Apple events have historically had ripple effects on other technology stocks, and today was no exception. Fitbit saw its shares decline in the afternoon as Apple released details of its new Apple Watch. Shares in the wearable device maker had climbed to $15.38 in morning trading, but fell to $14.85 after the Apple announcement.
Nintendo, on the other hand, got a boost from the event. Its shares climbed almost 5 percent after Apple announced that the game "Super Mario Runs" was coming to the iPhone. Nintendo had previously resisted releasing Mario games to mobile phones.
Apple Pay, the company's mobile payment service, will come to Japan in October. Apple will include a new wireless technology called Felica in iPhones and Apple Watches there.
In the U.S. and elsewhere, mobile payments use a wireless technology called NFC. A transit feature in Apple Maps will also launch in Japan.
Apple's next iPhones will come without the analog headphone jack that's been standard on iPhones and most other electronic devices for years.
Instead, the company is making iPhone owners listen with wireless Bluetooth headsets or with earphones that can plug into the phone's digital "Lightning" port, which has been used primarily for charging.
The long-rumored decision to ditch the 3.5 millimeter headphone jack could cause an outcry from consumers. Critics have already complained that their old headphones won't fit in the charging port without an adapter. There's also the dilemma of where to plug in a set of headphones if the charging port is already being used to plug in a power cord.
Apple will include an adapter with the iPhone 7 for those with older headphones.
Apple marketing chief Philip W. Schiller says it comes down to "courage to move on to something new."
Schiller says removing the port frees up space in the phone for newer technologies. He also says the Lightning port was designed years ago with digital audio in mind.
Apple designed new wireless headphones called AirPods to replace the traditional ear buds. Schiller didn't mention a price for the wireless earphones.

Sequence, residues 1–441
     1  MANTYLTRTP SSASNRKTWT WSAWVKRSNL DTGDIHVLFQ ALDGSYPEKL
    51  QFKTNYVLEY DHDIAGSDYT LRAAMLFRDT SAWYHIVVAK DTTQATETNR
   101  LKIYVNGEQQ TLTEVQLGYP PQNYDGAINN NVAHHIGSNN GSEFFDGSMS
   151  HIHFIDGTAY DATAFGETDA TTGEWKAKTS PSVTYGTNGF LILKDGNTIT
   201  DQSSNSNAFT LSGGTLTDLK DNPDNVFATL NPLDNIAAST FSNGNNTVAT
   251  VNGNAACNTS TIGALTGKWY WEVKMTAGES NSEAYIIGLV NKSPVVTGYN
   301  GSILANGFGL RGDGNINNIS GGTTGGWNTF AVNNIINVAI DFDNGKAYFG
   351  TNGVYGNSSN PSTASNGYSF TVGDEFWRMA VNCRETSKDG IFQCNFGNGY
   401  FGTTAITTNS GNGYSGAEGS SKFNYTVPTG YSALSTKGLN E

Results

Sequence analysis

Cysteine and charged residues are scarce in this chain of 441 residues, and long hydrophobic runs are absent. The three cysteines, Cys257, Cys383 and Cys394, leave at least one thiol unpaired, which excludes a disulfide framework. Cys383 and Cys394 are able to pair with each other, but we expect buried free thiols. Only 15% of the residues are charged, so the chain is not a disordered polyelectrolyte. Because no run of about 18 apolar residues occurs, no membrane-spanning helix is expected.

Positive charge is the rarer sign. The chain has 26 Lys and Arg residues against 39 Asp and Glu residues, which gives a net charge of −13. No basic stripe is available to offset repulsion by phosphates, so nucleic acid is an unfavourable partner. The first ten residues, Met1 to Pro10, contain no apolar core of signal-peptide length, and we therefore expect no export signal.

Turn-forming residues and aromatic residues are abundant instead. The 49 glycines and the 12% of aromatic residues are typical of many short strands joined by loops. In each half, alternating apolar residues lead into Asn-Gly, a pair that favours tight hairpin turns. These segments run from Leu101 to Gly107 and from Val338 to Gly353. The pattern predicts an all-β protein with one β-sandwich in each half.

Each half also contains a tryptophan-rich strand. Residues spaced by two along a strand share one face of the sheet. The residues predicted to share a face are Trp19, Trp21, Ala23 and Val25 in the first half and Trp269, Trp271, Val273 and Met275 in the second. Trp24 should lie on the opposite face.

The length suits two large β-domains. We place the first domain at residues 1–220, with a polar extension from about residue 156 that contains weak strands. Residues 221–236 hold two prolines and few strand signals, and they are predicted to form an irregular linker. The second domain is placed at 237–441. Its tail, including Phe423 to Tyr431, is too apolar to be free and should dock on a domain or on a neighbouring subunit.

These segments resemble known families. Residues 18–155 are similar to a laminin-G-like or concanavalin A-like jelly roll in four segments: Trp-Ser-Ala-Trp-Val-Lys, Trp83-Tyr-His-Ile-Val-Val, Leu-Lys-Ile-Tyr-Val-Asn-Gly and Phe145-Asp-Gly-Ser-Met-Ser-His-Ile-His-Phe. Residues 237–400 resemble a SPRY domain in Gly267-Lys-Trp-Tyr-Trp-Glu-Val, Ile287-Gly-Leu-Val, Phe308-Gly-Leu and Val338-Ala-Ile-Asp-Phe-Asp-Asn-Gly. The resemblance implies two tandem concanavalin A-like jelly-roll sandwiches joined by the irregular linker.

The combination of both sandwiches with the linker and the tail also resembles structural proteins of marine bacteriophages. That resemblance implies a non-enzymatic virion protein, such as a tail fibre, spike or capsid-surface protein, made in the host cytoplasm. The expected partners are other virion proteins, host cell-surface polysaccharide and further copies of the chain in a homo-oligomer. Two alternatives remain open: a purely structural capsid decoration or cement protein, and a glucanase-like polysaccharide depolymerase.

Apple isn't the first to ditch the headphone jack. Motorola quietly did so a month ago with some models of the Moto Z.
The new iPhones are getting stereo speakers — one on each side of the phone — along with a display capable of reproducing a wider range of colors.
Apple says it's upgrading the camera and flash components for the new iPhone 7, and it's making an even bigger change in the iPhone 7 Plus.
The larger model will come with two digital camera lenses. One will be for regular shots and the other will have telephoto capabilities, giving you a two-fold zoom. Smartphones typically have resorted to software tricks for zooms, resulting in fuzzy images when blown up.
Both lenses will take photos at 12 megapixels.
The two lenses will also sense depth and allow users to blur backgrounds in images, mimicking an effect that typically requires changing the lens aperture in stand-alone cameras.
Other smartphone makers including LG and Motorola are also starting to offer models with dual lenses to improve picture quality. While many consumers likely feel their current phone cameras are "good enough," analyst Jan Dawson of Jackdaw Research says the extra capabilities may appeal to millions of people who like to post photos on social media, in the hope of impressing friends and earning "likes" for their posts.
Dawson says the new smartphone cameras still don't match the capabilities of SLR cameras, but they offer improvements that may appeal to the "vanity" of social media users.
Other camera improvements include a new flash with four LEDs rather than two for greater brightness. As with previous models, the flash will adjust its color to match ambient light. High-end photographers can get images in RAW format, which allows for more versatile editing, matching what many leading cameras now have.
Apple is announcing the iPhone 7 at an event in San Francisco on Wednesday.
Apple's iPhone is getting an updated home button and will come with water and dust protection.
Apple says the iPhone 7's home button is now force sensitive. It will provide "haptic" feedback — that "pushing back" feeling — when you press it, but the button itself doesn't move. It's similar to what Apple has done with a trackpad in a slimmer MacBook model last year.
Other camera improvements include a new flash with four LEDs rather than two for greater brightness. As with previous models, the flash will adjust its color to match ambient light.
It's one of several new features Apple is introducing at an event in San Francisco.
Those who aren't getting a new iPhone will still see improvements with a new mobile operating system called iOS 10.
Among other things, the software will add more intelligence to Apple services like Maps, Photos, the iPhone keyboard and Siri, the voice-activated digital assistant. There's a new Home app to control appliances.
In a big change for Apple, the company is also opening Siri and its iMessage service to work with apps created by independent developers. Siri will be able to send message to a contact on LinkedIn, the professional social network being bought by Microsoft, or to a friend on WhatsApp, the Facebook-owned messaging service. Siri can also send money with the Square Cash service or search for pictures on Pinterest.